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Generations Active Together

Bringing together local secondary schools and care home residents in Stirling.

Led by Active Stirling, “Generations Active Together” [GAT] is an inter-generational project produced in partnership with Generations Working Together, Stirling Council and supported by the GOALD project run by the University of Stirling. The GAT programme brings together senior sports leaders from local secondary schools with care home residents in their community. The aim of the programme is to try and break down barriers between generations and improve the perception of teenagers and older adults.

The programme has been so successful that MSP Christina McKelvie, Minister for Equalities and Older People presented the programme with the “Highly Commended” award at the Generations Working Together annual conference this March.

Active Stirling’s Laura Taylor said; “Our GAT programme has been so rewarding for both parties involved. Our aim is to breakdown barriers and perceptions of teenagers and older adults - and the young people have also found it fun and rewarding to work in a completely new environment whilst continuing to build on their leadership skills and relationships with the residents.”

Generations Active Together

The project was initially launched in 2017 as an Active Stirling pilot in two rural schools, Balfron High and Dunblane High. Within Dunblane, the project worked with sport leaders in 5th and 6th year to provide physical activities suitable for those in a local care home. However, in Balfron it was a bit different. There wasn’t a suitable care home to work in partnership with, so the pupils were tasked with providing a similar service in the local community instead.

Since then, the project has grown to have had 4 schools involved last year, St Modan’s High, Stirling High, Wallace High and Dunblane High. 

Last year, 65 students took part across the schools involved – getting a classroom-based presentations on what a care home setting is truly about and a total of 58 residents ages from 70-95 years from 4 local care homes in Stirling.    The presentations also includes potential careers in the care home setting as well as Dementia Friends Training delivered by  Alzheimer Scotland.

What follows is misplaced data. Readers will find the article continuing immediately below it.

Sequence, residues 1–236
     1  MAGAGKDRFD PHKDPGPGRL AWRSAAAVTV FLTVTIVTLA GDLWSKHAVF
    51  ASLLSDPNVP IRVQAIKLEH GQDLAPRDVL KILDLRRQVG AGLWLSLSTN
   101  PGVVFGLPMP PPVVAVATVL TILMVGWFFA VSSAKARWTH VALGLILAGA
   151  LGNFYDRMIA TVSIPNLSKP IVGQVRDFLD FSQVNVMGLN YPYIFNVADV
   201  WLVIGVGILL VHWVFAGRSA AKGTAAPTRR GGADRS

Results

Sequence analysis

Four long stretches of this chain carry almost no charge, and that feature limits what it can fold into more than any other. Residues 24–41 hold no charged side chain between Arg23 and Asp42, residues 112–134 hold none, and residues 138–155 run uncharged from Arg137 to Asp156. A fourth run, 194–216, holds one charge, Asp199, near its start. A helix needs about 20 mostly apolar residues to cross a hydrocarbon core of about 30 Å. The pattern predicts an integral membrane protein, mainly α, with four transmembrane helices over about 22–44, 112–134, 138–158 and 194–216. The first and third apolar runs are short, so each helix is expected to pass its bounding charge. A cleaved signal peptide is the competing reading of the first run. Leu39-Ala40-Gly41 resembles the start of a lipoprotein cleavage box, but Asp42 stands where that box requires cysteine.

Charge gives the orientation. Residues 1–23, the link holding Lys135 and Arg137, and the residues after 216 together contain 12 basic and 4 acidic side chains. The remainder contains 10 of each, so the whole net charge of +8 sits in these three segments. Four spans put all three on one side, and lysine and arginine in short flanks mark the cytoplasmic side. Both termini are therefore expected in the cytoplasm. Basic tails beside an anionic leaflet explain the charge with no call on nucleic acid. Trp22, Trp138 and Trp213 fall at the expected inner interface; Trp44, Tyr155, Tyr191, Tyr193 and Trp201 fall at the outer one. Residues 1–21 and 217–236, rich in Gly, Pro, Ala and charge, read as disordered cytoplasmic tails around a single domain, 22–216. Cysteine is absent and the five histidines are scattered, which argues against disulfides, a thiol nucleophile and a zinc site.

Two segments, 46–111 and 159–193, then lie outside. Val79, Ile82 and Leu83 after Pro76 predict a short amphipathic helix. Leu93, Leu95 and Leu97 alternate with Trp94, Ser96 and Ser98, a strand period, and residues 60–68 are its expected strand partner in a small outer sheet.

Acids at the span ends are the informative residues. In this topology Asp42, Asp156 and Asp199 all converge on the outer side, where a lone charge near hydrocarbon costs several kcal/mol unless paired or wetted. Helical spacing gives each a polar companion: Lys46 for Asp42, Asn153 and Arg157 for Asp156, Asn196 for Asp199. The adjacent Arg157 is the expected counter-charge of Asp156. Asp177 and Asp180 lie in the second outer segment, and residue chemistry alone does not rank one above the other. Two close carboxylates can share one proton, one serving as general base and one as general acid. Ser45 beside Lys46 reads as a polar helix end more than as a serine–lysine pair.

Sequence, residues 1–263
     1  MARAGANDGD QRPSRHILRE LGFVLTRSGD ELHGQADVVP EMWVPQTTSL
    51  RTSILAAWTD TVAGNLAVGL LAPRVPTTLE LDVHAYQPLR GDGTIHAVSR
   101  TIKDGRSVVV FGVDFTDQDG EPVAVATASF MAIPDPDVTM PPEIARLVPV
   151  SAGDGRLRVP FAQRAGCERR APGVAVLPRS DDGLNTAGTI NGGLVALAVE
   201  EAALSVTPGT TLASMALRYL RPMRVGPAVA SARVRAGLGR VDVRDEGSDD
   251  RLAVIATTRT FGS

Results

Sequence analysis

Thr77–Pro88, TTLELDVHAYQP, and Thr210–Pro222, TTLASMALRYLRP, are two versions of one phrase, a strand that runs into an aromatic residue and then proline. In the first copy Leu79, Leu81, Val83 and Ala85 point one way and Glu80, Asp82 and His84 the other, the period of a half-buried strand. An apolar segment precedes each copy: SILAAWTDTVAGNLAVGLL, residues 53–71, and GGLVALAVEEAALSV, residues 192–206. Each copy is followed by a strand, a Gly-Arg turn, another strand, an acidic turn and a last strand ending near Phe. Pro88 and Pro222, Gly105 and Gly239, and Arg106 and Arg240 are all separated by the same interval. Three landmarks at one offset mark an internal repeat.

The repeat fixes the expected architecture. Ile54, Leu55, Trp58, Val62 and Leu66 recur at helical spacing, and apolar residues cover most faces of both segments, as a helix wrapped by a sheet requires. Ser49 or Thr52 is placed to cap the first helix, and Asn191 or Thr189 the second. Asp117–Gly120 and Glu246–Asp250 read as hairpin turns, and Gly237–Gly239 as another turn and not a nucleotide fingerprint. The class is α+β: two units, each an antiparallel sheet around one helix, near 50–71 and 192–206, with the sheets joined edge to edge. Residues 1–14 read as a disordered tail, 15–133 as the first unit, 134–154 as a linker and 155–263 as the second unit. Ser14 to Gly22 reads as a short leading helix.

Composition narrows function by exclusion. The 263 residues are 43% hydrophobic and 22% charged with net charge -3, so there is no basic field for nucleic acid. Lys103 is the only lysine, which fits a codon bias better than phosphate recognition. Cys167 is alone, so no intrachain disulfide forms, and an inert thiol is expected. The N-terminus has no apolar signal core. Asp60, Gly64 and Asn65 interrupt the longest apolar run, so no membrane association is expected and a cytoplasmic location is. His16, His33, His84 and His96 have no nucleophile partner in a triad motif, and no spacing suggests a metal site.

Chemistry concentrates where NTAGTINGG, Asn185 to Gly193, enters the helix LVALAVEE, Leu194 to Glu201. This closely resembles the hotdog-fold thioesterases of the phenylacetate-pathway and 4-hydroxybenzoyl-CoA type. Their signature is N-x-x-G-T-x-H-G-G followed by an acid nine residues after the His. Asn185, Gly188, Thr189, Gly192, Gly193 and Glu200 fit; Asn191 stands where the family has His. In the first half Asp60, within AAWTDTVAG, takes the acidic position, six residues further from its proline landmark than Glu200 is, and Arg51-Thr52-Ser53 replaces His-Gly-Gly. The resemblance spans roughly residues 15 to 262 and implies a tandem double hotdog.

Impact on students

At the start of each academic year, pupils receive training within a school environment and learn about the importance of physical activity in older adults and have discussions about tackling ageism and stereotypes of older adults. The pupils also receive training on suitable activities to help residents stay active. They then work together in groups to plan an exercise session, which they then deliver to the residents in a care home. During their visit to the care home, pupils also get the chance to talk to the residents which helps both groups to maintain and develop social skills.

These sessions appear to have a big impact on the students. In Wallace High, the participants were all male, Active Stirling’s Laura Taylor said; “As part of this project we talk about stereotypes, and how to avoid judging. However, here, I put my hands up, I thought these boys were never going to get involved with this. Honestly, I was blown away by their enthusiasm. They were fantastic.”

“What was more surprising was that one of the pupils from another school, was even quite impacted by the fact they wouldn’t see the residents again. The boy been struggling in school, having issues. Now he was requesting information about volunteering opportunities, incredible.”

Reacting to COVID-19

Despite the success, the programme hasn’t been without it’s challenges. In 2020, when COVID-19 was an issue, the restrictions placed on both schools and care homes made it significantly more difficult to bring these two groups of people together. However, Active Stirling were able to find a way to keep the project running!

In 2021, GAT was switched to a digital programme, with recorded sessions for older adults produced by the students and then sent digitally to the care homes – to be projected for the residents to complete together at their own convenience. Despite the switch, this method of interaction was not a long term solution for the project and when possible, the project reverted back to in-person sessions. Laura said;

“A lot of what is positive about this project is reactionary. You really have to be able to read the room and know your audience. Sometimes you need to adapt the programme around what the older residents can and cannot do – in the recordings, we weren’t able to do that.”

Find out more

- About Active Stirling

- About Active Schools on Sport First

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